Mary Baker Eddy believed that wholehearted participation by Christian Scientists in the activities of the Church of Christ, Scientist, was essential if the Church was to fulfill its role in bringing healing and salvation to the world. But it's not surprising that dedicated church members sometimes wondered how much time they should give to activities of other groups promoting worthy goals. Mrs. Eddy counseled and corresponded with members about this issue, which resulted in two Manual By-Laws: "Church Organizations Ample," and "Joining Another Society" (Article VIII, Sects. 15 and 16, pp. 44-45).
Mrs. Eddy's admonitions and advice consistently stress that studying and demonstrating Christian Science and working in church must come before being active in other organizations. But she recognized the value of a Christian response to human needs. On June 8, 1892, Judge Septimus Hanna wrote her about a Committee on Prohibition he had joined. He wondered if it was a good thing to take part in such organizations. Mrs. Eddy's qualified response: "If you are now sufficiently rooted and grounded in Christ, Truth, and all its sweet savors of patience, wisdom, grace, to bear the strain, you can do more good by occasionally working among politicians than to taking yourself away from them ..." [L04928, Mary Baker Eddy to Septimus J. Hanna, June 11, 1892, The Mary Baker Eddy Collection, The Mary Baker Eddy Library].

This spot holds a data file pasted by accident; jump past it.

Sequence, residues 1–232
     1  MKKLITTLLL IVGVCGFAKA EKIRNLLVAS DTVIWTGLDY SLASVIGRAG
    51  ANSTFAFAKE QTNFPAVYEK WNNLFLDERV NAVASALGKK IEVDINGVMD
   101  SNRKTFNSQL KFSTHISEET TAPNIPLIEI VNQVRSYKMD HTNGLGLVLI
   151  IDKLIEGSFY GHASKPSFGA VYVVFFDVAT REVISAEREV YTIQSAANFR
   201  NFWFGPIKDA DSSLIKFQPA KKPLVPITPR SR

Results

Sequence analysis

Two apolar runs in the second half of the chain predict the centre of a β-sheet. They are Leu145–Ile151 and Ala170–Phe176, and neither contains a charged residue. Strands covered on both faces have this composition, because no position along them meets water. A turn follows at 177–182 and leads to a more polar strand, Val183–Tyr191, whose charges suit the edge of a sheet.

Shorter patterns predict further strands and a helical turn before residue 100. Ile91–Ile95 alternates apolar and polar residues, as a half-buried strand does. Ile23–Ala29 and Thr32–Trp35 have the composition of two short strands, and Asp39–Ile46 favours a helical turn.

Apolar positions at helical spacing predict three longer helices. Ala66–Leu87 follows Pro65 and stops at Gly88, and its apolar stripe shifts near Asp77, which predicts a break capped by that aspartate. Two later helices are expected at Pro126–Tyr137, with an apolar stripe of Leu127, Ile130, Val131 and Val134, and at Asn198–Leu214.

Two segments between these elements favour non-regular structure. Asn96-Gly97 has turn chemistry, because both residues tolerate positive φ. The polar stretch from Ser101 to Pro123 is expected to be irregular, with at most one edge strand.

In April 1904, Mrs. Eddy received a letter containing a check for $100 from a "Christian Science Lunch Club" in New York City. On April 20, even before she replied to the letter, she directed her secretary to send the Christian Science Board of Directors the first draft of what would ultimately become "Church Organizations Ample." Titled "Unauthorized Societies," it read in part: "Members of this church shall not be makers nor members of clubs, or organizations not approved by The Mother Church" [L14660, Mary Baker Eddy to Joseph Armstrong, April 20, 1904, The Mary Baker Eddy Collection].